Asteroid nears earth for rare flyby

Asteroid nears earth for rare flyby

Astronomers have aimed their telescopes to catch a glimpse of the 2005 YU55 asteroid, which will not be visible to the naked eye, when it makes its closest approach to earth at 6:28 pm (2328 GMT).

The 1,300-foot-wide asteroid often travels in the vicinity of the earth, Mars and Venus, but “the 2011 encounter with earth is the closest it has come for at least the last 200 years,” the US space agency said.

Other asteroids of this size pass by earth more frequently, though the last such event happened in 1976 and the next will not happen again until 2028 when as asteroid called 2001 WN5 will skim about halfway between the moon and earth.

This asteroid is expected to pass a bit further away; about .85 times the distance of the moon to the earth, or a distance of 3,25,000 kilometres.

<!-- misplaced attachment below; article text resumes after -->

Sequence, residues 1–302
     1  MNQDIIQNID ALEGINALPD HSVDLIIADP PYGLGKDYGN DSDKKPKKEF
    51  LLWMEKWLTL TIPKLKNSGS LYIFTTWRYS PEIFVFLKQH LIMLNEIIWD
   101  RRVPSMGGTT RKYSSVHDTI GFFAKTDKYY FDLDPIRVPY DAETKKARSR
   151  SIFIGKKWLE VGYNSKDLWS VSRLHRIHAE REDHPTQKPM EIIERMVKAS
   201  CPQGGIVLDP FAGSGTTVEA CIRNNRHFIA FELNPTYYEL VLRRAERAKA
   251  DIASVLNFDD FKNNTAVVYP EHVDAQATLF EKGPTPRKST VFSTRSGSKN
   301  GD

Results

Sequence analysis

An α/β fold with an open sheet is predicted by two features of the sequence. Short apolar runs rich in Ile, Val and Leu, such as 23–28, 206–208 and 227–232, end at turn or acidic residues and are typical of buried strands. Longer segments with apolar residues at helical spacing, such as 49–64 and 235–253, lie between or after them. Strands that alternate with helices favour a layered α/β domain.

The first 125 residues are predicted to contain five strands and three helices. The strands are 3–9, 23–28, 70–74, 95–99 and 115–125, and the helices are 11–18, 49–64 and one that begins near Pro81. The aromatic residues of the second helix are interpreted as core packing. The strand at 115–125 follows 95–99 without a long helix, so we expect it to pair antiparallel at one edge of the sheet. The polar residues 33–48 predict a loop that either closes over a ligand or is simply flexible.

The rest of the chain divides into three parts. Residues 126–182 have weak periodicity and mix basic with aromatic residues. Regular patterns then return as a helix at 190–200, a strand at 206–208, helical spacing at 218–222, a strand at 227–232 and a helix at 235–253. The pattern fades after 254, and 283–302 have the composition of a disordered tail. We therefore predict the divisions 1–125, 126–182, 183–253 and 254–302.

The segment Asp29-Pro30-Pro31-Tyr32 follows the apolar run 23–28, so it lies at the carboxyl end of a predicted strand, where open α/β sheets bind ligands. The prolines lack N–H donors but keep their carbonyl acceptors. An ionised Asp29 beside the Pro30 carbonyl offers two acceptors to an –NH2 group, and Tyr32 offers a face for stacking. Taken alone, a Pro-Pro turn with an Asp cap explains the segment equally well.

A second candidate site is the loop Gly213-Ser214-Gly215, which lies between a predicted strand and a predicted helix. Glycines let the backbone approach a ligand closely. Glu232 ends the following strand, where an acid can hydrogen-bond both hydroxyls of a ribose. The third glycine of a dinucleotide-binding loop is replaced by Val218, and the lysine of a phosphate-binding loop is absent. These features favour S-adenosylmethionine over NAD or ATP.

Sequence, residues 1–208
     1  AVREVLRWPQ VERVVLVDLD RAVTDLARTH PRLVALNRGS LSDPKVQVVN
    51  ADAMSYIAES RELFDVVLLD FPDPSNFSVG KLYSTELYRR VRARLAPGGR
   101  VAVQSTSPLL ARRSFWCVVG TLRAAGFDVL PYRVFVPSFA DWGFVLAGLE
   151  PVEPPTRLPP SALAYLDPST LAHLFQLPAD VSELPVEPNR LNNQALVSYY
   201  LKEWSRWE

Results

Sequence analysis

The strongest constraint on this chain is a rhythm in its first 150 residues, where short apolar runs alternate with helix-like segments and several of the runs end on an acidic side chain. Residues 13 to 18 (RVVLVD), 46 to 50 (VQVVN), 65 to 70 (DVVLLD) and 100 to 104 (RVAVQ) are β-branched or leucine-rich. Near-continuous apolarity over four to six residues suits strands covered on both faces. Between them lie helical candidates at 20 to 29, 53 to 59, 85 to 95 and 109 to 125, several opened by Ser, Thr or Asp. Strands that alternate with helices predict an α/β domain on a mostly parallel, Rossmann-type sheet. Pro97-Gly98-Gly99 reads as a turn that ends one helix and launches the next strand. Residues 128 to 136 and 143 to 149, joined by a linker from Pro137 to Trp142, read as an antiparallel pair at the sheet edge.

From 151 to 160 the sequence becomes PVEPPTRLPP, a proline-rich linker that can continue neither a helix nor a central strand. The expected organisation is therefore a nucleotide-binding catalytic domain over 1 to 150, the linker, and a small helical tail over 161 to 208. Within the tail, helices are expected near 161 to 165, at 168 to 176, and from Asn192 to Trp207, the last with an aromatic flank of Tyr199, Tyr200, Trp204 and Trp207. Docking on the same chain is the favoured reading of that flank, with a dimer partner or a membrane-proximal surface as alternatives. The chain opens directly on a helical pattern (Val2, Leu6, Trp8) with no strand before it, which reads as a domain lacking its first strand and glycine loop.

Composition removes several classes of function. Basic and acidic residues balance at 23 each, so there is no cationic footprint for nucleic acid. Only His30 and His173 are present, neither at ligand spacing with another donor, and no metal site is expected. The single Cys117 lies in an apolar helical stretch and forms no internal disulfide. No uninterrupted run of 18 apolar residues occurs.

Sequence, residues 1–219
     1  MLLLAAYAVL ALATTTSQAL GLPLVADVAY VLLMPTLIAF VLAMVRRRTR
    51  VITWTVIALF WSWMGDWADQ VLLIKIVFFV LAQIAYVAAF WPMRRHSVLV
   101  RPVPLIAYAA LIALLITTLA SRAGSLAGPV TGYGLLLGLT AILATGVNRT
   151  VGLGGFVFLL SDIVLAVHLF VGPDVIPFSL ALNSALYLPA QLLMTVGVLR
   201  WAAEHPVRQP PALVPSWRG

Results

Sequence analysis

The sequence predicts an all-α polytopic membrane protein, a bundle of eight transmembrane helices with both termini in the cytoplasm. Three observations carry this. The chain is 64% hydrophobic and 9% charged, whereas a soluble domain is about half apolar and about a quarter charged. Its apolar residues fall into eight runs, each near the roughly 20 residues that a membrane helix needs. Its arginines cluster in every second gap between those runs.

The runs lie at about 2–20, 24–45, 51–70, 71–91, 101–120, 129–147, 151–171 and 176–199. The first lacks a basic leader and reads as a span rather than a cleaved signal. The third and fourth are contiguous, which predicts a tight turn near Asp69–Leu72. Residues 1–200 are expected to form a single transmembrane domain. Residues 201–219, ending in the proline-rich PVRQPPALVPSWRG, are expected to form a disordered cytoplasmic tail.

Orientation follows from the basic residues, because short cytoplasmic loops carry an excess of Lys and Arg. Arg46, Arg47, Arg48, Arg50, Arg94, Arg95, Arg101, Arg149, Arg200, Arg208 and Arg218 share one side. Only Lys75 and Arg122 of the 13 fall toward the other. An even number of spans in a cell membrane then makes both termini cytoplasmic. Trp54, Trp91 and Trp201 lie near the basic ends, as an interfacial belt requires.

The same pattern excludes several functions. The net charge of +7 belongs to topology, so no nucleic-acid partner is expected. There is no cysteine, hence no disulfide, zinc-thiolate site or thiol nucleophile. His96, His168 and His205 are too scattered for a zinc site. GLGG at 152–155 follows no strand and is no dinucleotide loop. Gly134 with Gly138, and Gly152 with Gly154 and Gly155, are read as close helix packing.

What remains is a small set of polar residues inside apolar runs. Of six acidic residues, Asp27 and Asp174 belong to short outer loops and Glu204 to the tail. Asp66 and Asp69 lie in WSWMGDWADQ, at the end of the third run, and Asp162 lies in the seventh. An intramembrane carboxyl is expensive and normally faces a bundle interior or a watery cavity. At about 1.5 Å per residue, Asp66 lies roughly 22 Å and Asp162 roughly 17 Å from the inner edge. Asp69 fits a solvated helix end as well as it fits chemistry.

“2005 YU55 is one of the potentially hazardous asteroids that make close approaches from time to time because their orbits either approach or intersect the orbit of the earth,” said Robert McMillan, an associate research scientist at the University of Arizona.

McMillan discovered the asteroid in 2005 as part of the university’s Spacewatch Project, a solar-system-scanning group of scientists near Tucson, Arizona.
However, astronomers know from analysing the trajectory of the asteroid that it will not hit earth this time.

The asteroid’s next closest pass is set to take place in 2094, at a distance of 2,69,000 kilometres, according to forecasts.